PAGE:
The “Gravediggers’ Journal” blog
(in Hungarian, with good photos) says the initial dig took place April 5 to 8 after agricultural work overturned one of the graves. The “rescue dig”, followed when citizens called in the archaeologists of the Pest County Museums Management. Analysis of the finds and publication in archaeological journals will follow in due course.
The find is also covered by the English-language Medieval Hungary
blog. This is the first significant archaeological find in Hungary since Old Magyar (700 A.D. – 1,000 A.D.) or Conquest Era graves, and a large number of Roman, Sarmatian
and Bronze Age graves were found in February
The Sarmatians were a semi-nomadic people who ruled the Ukrainian steppes and the Great Hungarian Plain from around the Fifth Century B.C. to A.D. 460. They were formidable enemies of the Romans and some formed part of the empire of Attila the Hun. They have also been linked to the Arthurian Legends
because they invented heavy cavalry, using a lance called kontus.
(The “Conquest Era” refers to the time the Seven Magyar tribes entered and took the Carpathian Basin from 895-900 A.D. (some systems date it differently, including the first century of settlement, up to 1,000 A.D.)
Of the three newly-discovered graves, one had nothing with the remains; one was a “horse burial” of the type where only horse tack was buried with the body. In this case, the bit and stirrups were easily made out as well as other elements of horse furniture. The occupant of the grave was likely a warrior or hunter, as a quiver was found with the body.
The third grave contained typical materials of a mounted archer, including horse bones, the remains of horse tack and remains of archery equipment. These are typical of Magyar so-called “partial horse burials” which include the head and hooves of the horse. The reason for this is the meat of the horse was consumed during a wake or “tor”; the skin (including the head and hooves) would be placed over the grave mounted on a pole for a while and then buried, usually on a shelf or “padmaly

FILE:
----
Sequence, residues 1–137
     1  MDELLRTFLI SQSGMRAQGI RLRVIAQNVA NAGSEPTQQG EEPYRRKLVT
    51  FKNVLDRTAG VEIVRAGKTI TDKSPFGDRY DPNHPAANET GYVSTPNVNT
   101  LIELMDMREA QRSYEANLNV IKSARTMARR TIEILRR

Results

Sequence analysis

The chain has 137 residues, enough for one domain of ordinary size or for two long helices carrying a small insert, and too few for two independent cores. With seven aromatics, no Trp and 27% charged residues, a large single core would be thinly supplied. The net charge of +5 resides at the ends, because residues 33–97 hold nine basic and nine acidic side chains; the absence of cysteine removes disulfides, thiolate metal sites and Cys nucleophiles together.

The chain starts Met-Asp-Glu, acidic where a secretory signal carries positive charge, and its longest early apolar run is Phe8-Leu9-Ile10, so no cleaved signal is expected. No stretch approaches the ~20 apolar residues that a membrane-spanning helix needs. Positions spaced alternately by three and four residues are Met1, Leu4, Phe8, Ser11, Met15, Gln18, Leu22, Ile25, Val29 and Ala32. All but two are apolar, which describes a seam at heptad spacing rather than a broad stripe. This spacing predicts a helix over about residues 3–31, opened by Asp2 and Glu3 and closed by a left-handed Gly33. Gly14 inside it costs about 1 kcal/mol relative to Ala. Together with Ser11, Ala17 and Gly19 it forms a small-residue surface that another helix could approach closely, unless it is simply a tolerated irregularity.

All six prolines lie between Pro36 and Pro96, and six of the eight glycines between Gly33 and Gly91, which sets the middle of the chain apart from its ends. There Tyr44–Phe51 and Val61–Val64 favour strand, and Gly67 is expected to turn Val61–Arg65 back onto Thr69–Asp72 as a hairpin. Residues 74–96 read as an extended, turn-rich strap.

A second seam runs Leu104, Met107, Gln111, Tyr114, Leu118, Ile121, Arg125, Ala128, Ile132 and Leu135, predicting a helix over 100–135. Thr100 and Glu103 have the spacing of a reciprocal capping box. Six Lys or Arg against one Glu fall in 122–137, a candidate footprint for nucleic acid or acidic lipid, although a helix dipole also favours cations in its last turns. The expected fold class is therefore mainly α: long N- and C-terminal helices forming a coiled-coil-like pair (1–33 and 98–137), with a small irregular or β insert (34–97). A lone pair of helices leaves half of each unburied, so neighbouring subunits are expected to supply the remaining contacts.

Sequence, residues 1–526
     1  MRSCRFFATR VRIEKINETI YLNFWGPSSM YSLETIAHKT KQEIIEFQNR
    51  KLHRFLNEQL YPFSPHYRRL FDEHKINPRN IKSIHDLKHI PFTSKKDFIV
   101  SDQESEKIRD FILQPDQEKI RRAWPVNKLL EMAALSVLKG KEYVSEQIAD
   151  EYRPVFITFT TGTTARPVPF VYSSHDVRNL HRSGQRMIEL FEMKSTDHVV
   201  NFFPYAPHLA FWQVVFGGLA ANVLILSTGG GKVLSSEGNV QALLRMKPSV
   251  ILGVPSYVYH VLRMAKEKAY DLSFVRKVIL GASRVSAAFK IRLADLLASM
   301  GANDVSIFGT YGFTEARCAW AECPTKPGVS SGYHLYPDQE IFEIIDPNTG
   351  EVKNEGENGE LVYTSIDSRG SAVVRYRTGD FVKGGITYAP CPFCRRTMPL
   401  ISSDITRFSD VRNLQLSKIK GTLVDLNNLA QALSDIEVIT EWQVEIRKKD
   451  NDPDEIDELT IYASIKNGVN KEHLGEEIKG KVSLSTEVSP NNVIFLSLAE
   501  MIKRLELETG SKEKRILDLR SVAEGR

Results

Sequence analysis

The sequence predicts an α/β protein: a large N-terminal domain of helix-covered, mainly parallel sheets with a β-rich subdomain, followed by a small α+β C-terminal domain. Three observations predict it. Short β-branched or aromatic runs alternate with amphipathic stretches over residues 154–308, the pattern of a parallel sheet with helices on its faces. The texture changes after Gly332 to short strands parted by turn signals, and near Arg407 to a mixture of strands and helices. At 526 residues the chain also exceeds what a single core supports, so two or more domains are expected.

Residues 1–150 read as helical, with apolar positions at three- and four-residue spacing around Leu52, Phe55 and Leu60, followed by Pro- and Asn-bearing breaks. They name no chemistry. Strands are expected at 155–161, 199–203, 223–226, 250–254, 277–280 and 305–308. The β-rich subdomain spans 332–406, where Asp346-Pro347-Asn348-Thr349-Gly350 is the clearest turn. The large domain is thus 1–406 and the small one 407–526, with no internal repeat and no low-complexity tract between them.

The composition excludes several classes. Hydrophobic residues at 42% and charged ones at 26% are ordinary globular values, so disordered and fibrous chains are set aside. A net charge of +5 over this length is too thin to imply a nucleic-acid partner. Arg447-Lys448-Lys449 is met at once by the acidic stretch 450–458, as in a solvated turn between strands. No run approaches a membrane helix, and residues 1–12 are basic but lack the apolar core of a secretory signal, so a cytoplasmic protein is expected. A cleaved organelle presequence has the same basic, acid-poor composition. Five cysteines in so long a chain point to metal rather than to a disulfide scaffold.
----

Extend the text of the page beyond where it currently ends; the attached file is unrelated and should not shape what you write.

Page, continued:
The discovery of the sabretache, a French term adopted when the cavalrymen of that country began to use and then copy Hungarian cavalry called Hussars.
Their equipment, including the Hungarian saddle, was the ancestor of modern military and later police saddles according to noted equestrian author Elwyn Hartley Edwards
The sabretache was used by Eighteenth Century cavalrymen as a tobacco pouch, and had changed somewhat from the one used by the Conquest Era Magyars, but both could be covered by a metal or other hard cover and this decorated, as is shown by this English-language website
of the modern “tarsoly” makers.
The present sabretache
found in Pest County, even before restoration, can be seen to have been a beautiful piece. It had originally been covered with silver-gilt decorations and this was indicative of someone of senior rank, possibly even one of the seven leading clans.
The last well-documented sabretache was found in the 1980s at the Karos dig, in north-eastern Hungary.